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Charming re-imagined CINDERELLA with a social message

Roy Berko

(Member:  American Theatre Critics Association, Cleveland Critics Circle)

Richard Rogers and Oscar Hammerstein II, the fathers of the modern American musical, were advocates of social responsibility.  In OKLAHOMA, they stressed the building of community, in SOUTH PACIFIC they pegged prejudice, and in THE KING AND I, the duo examined intercultural understandings.

They would be pleased to know that Douglas Carter Beane, who wrote the new book for their 1957 for-television musical, CINDERELLA, has picked up their social cause theme and added the need for civility, and that there can be democracy within a monarch, and a plea for forgiveness, to their fairy tale story.

Fairy tales have been the subject of many Broadway musicals, including BEAUTY AND THE BEAST, INTO THE WOODS, and THE LITTLE MERMAID.  As evidenced by the many little girls adorned with tiaras and chiffon gowns at CINDERELLA, Broadway’s newest tale of happily-ever-after, it may be one of the most beloved fantasy stories.  Interestingly, more than a few adult females stopped at the merchandise sales booth to buy their own rhinestone headgear.

The legendary Cinderella story centers on the put-upon Ella, an orphaned girl, being brought up by her mean stepmother and harassing sisters, who is forced to do manual labor and sit by the fireplace, thus being tagged “Cinder-Ella.”   The handsome prince of the kingdom is looking for a bride.  A ball is held to showcase the country’s female candidates.  Of course, while her sisters are invited, Ella is not.  Her fairy godmother (a forest bag lady) arranges for a pumpkin to be transformed into a golden coach, mice into horses, forest creatures into footmen, and dresses the young lady in princess garb.  And, of course, there are the glass slippers, her appearance at the ball, the prince falling in love, the search for his ladylove, and the happily ever-after ending.

But this script doesn’t exactly totally follow the tale’s traditional story line.

Beane’s version cuts out the king and queen, and adds new characters, such as Jean-Michel, a peasant political do-gooder, who lusts after Cinderella’s nice sister, Gabriella, and Sebastian, the prince’s mean-spirited advisor.  He has made the prince, Topher (short for Christopher and about middle six names), into a naïve youth who transforms before our eyes into a benevolent leader and all-around nice guy.  The changes work well, adding some mild intrigue.

The score includes such favorites as “In My Own Little Corner of the World,” “Impossible,” “It’s Possible,” “A Lovely Night,” “Do I Love You Because You’re Beautiful,” and “There’s Music In You.”

There has also been some adding of Rogers and Hammerstein songs that never made it into any of the duo’s original script, but remained for future use.  The future has arrived and the score has been enhanced with “Me, Who Am I,” “Loneliest of Evening,” The Pursuit,” and “Now Is the Time.”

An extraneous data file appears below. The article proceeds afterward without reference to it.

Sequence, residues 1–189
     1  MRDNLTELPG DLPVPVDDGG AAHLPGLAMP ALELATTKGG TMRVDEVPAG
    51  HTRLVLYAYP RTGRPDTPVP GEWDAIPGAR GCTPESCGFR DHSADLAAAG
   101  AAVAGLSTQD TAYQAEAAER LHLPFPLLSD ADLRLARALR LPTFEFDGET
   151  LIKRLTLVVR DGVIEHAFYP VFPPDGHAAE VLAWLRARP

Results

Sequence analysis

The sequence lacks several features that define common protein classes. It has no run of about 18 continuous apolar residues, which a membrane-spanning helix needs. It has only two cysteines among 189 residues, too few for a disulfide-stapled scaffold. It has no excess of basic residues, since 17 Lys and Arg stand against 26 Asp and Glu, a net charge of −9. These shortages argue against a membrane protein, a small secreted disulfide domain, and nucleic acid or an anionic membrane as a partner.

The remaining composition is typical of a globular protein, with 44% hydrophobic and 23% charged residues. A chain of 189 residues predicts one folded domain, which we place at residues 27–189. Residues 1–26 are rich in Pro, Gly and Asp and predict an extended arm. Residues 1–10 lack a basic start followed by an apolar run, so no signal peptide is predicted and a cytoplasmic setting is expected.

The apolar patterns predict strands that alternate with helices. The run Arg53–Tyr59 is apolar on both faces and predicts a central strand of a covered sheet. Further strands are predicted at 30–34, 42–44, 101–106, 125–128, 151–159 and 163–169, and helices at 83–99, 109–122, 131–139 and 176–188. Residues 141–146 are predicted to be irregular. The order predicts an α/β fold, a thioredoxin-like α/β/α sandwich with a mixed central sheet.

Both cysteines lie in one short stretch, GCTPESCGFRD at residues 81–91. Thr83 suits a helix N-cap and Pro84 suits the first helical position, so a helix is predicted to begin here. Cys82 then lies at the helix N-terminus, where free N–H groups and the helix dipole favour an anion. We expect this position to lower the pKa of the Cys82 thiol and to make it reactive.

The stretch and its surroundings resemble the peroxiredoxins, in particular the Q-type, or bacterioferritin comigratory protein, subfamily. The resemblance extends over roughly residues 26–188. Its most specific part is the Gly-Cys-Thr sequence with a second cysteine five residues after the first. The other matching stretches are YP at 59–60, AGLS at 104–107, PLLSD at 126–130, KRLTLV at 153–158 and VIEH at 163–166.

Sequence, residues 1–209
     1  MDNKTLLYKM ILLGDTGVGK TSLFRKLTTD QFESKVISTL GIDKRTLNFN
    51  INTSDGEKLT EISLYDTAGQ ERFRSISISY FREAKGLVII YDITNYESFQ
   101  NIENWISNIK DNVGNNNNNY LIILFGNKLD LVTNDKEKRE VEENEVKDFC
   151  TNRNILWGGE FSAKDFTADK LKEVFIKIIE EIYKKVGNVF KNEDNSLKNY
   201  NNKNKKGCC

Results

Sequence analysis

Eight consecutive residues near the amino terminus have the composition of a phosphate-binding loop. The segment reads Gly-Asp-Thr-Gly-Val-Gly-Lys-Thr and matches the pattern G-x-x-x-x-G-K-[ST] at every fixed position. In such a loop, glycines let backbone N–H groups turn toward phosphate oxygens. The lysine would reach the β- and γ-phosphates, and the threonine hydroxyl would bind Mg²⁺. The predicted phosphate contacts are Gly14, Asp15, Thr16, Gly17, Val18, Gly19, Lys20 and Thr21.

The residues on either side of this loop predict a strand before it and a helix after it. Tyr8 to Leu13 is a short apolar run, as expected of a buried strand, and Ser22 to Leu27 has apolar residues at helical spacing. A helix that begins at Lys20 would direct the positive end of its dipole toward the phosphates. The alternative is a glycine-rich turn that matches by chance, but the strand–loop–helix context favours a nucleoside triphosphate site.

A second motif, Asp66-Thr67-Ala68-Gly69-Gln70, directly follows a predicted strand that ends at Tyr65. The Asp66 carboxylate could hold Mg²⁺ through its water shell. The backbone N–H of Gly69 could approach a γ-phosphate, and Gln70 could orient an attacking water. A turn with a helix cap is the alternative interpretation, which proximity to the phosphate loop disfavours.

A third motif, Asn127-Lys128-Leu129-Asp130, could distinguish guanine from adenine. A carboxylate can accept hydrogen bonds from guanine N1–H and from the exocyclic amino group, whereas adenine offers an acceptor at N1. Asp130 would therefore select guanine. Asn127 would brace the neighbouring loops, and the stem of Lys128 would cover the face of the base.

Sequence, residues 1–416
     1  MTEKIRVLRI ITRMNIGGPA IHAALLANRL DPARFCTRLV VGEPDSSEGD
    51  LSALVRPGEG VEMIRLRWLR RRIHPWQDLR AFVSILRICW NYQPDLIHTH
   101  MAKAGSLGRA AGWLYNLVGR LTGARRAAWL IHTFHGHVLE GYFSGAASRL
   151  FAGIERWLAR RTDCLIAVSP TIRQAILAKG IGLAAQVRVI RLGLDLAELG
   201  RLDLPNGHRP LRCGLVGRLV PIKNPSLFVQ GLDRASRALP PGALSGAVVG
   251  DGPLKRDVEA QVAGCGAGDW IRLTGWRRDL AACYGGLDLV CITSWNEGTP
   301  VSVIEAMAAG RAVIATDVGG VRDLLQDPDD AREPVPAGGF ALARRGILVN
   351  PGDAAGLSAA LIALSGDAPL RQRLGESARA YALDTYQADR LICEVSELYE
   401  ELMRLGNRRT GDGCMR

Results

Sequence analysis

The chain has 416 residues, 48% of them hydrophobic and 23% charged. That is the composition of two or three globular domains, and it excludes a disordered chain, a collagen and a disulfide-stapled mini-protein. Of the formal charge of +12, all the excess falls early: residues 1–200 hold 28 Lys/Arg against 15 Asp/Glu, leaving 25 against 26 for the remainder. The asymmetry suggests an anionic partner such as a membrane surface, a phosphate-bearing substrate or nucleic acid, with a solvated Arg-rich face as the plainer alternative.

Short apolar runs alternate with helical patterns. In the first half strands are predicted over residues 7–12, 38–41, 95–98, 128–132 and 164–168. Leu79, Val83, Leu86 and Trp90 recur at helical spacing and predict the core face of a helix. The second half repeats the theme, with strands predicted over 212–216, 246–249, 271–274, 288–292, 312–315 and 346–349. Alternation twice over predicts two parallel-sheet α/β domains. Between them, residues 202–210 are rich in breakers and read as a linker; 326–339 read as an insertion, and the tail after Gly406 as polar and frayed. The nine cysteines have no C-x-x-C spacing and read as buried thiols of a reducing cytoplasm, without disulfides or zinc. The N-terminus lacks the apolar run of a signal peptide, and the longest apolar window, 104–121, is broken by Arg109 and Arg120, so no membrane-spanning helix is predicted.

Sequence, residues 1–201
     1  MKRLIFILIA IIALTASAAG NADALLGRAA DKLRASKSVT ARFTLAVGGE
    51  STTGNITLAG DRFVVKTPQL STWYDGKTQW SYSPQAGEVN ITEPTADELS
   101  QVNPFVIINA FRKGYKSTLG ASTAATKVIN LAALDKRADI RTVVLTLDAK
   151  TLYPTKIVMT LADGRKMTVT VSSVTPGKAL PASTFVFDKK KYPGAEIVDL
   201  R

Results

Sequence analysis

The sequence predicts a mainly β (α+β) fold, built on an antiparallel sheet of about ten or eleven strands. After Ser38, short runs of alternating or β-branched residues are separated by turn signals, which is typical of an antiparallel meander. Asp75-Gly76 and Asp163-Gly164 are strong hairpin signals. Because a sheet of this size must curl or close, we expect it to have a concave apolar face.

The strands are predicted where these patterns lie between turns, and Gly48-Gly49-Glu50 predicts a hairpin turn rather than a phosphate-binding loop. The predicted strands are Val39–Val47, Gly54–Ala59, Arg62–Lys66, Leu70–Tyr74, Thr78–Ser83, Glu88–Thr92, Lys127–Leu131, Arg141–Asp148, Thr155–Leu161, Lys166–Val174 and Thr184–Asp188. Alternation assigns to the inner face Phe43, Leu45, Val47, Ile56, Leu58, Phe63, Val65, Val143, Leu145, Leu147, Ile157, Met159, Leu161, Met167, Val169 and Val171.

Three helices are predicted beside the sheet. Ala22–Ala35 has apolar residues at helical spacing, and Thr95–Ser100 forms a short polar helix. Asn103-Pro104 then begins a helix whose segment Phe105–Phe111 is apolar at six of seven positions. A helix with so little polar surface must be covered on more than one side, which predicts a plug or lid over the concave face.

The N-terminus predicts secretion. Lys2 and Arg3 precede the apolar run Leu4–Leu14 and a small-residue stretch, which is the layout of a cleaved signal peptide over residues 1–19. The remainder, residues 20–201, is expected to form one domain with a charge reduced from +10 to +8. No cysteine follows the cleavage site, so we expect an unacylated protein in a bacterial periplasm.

The production, under the creative direction of Mark Brokaw, with choreography by Josh Rhodes, is full of visual enjoyment.  Images transform the stage into a forest, complete with puppet animals, the prince riding on a great steed, and a golden coach with prancing horses.  There’s  Cinderella’s house and the palace with the stairs on which the glass slipper is lost.

Costume illusions dazzle the imagination.  (One little girl, after Cinderella’s simple frock transformed into a beautiful ball gown, squealed, “How did that happen?  It’s magic!”  It was a question and answer that many adults probably thought but were too inhibited to voice their wonderment.

The cast is universally appealing.  Laura Osnes (Cinderella) was seen on Broadway as the female lead in BONNIE AND CLYDE and ANYTHING GOES.  She looks like a princess, sings like a Broadway star, and has all the qualities to not only entrance a prince, but an audience.

Santino Fontana as Toper (the prince) isn’t the typical tall, dark and handsome Broadway star.  What he is, is a charmer with a great singing voice, and the acting skills to make for a believable naïve spoiled young man, thrust into the role of being a king to be, who transforms into a benevolent monarch, with the aid of a wise woman and a rabble-rousing do-gooder.  His duets with Osnes are show highlights.

Ann Harada, known to TV audiences for her continuing role in SMASH, adds laugh-delight as Charlotte, the prince-lusting evil step sister.

Both Greg Hildreth, as Jean-Michel, the do-good campaigner, and Marla Mindelle (Gabrielle) his lady love and nice step-sister, well develop their roles. Hildreth’s “Now Is the Time,” adds the show’s political heart.

Peter Bartlett, makes for a gentle evil-guy as Sebastian. He’s nasty, but not enough to scare the kiddies.

Victoria Clark creates Marie, the itinerant woodland wanderer turned fairy godmother, into a charming character.  She has a lovely singing voice and strong stage presence.  Harriet Harris uses farcical humor to create Madam as a less than fearsome wicked step-mother.

The beautiful and very hummable score is well played by the large pit orchestra.

Clevelanders will be pleased to see that The Araca Group, composed of hometown boys Matthew Rego, Michael Rego and Hank Unger are among the producers of CINDERELLA, adding to their other hits which include WICKED, ROCK OF AGES, and URINETOWN.

Capsule judgement:  The first-ever Broadway staging of Rogers and Hammerstein’s CINDERELLA is delightful.  No, this isn’t a great musical, but it will offend no one, delight many, and just the names Roger and Hammerstein and CINDERELLA will insure a long run, road shows, and lots of tiara sales.

ROGERS AND HAMMERSTEIN’S CINDERELLA is in an open-ended run at The Broadway Theatre, 1681 Broadway at 53rd Street.